Ivan Cornejo doesn’t feel famous. Even amidst the sold-out North American tours, the screaming girls around every corner, and the record-breaking streaming numbers, he refuses to give in to the descriptor. “I have a cool little following of supporters, but I wouldn’t say I’m famous,” he tells LA Weekly’s sister publication, PAPER. “I feel like I’m still coming up.”

We’re sitting in a secluded lounge at the NRG Arena in Houston, Texas. The Mexican-American crooner has just played a headlining show at the Houston Rodeo to more than 72,000 people. “I’ve never done something like that,” he says. “It was cool being able to see the whole 360 and all the fans.” For those unfamiliar with the Houston Rodeo, it’s like the Superbowl of lasso’ing cattle and riding roller coasters.

The concert series is a highly coveted slot that has been graced by the likes of Elvis Presley, Selena and Dolly Parton. But even having been given such a high honor, Cornejo carries himself with a shyness and ease that doesn’t necessarily match the madness that just ensued.

This nebulous aura is what’s made Cornejo one of the most exciting rising stars not just in the Música Mexicana space but in pop music in general. “He’s an old man in a young boy’s body,” his publicist tells me as we’re wading through the backstage area of the Rodeo, where a combination of concrete, cowboy boots and horse manure makes you feel like you’ve entered an old Western.

It’s true — Cornejo’s voice doesn’t match his body. On his breakout single “Esta Dañada,” the now-19-year-old sings with an eerie, aching tone that makes it feel like his voice and the guitar are battling it out to see which can feel more pain. If “sad sierreño” music is all about heartbreak and feeling emo, then the genre has found its poster boy in Cornejo. Born in Riverside, California, a primarily Mexican sub-community of Los Angeles, the artist has become a therapist for his fans through his music, even naming his 2023 tour “Terapia.”

“I feel like my fans just have a lot of love for me and vice versa. Every show I do, they always show tremendous amounts of love. It just means the world to me,” he says. As the rodeo portion of the show concludes, the lights dim, and the geometric rotating stage is rolled out into the humongous arena of dirt. The screams when he comes on stage are unlike anything I’ve ever witnessed, piercing my eardrums on a frequency so high that it almost feels meditative.

Cornejo is wearing a custom suit by legendary designer Manuel Cuevas, whose fingers have fitted fabrics over the arms of Johnny Cash and Elvis. For the next hour, he performs his sad songs to a mostly Hispanic crowd who show off their merch on the big screens and sing along to every word, teary-eyed. He leaves the stage in a Ford truck throwing roses out to fans in the stands, a nod to Selena’s famous rodeo moment in 1995.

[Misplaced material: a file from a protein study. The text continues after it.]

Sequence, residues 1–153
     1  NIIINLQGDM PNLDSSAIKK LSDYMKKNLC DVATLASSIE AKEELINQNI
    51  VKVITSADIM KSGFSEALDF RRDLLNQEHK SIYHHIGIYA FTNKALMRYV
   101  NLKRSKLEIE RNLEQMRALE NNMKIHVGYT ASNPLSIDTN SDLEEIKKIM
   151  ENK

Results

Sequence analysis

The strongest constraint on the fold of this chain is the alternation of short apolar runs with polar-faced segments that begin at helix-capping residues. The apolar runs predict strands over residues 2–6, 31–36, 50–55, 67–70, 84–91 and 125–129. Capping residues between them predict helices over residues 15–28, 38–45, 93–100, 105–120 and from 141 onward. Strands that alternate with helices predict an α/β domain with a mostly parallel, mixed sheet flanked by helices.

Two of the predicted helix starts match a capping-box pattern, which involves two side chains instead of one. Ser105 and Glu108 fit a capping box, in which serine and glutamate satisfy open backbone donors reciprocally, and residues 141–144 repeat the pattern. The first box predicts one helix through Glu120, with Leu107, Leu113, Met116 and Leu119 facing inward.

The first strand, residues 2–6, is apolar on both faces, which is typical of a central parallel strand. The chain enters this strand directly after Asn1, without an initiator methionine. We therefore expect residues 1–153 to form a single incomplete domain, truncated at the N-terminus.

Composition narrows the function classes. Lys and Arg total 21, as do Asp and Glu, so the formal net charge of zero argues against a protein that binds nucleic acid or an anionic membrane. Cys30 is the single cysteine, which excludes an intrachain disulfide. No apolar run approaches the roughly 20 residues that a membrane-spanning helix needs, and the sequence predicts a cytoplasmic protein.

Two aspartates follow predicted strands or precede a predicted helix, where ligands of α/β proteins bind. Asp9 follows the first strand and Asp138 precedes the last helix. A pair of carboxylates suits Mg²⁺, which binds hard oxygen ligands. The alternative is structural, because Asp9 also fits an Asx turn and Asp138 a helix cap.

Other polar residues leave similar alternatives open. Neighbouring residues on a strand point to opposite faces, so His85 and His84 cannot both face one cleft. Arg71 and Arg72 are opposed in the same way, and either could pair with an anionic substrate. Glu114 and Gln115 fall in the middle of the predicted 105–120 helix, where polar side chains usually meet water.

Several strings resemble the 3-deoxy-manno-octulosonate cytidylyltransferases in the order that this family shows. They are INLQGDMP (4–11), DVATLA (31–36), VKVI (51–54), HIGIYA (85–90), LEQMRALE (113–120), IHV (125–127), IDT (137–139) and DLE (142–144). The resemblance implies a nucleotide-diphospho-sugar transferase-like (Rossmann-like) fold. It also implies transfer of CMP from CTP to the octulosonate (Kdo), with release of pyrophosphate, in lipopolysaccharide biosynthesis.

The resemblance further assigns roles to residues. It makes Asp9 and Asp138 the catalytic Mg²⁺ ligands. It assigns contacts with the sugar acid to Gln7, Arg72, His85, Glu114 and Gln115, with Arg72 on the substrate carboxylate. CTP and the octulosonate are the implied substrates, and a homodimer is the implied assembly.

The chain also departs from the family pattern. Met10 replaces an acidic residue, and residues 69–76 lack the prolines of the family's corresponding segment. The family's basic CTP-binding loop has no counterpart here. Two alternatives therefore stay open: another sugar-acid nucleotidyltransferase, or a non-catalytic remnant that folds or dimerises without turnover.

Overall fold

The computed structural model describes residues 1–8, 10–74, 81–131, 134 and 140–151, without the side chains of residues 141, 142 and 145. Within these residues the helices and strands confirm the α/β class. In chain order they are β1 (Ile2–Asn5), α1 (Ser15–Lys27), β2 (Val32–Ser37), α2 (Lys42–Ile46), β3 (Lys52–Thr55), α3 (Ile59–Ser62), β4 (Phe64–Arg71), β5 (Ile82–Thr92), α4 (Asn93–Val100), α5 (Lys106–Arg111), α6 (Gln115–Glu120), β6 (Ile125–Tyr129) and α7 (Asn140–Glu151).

It feels like a turning point. Through all of the Regional Mexican music boom of the last couple of years, there’s something about Ivan Cornejo that stands out. On stage, his small frame takes up very little space, yet he looms large. Though he doesn’t say much in between songs and looks down when he smiles, the big screens flash to fans losing their minds. “I’m not the most photogenic, I guess,” he tells me when I ask about posting photos on social media and promoting himself. “It’s not that I’m lazy, I just find it hard. I don’t know why.”

He’s got this guardedness that somehow makes fans even more attracted to him, an analog soul in an increasingly digital world that feels like gold for young music listeners eager to find some sound to feed their souls. His new single “Baby Please,” out this week, is a bit of an evolution of his sound, with bass and drums added to the mix rather than just straight acoustics. He even plays violin on the track. It’s the first taste of a looming full-length project.

After our interview, Cornejo is whisked away by his management, but an older Hispanic security guard asks if he can take a picture with him. Cornejo obliges. It’s a sweet moment. Even though he may not feel famous, it’s safe to say that Cornejo is shaping up to be one of the most influential young artists of our time. For him, it’s all about authenticity — and it’s something that his audience can feel deeply.

Given the wise-beyond-his-years maturity and calm presence, I wonder how online Ivan is. “I lowkey lay back on social media,” he tells me. “I’m to myself. I keep things private sometimes. But here and there when I need to communicate something with my fans, I post.”

Photography: Juan Tejada

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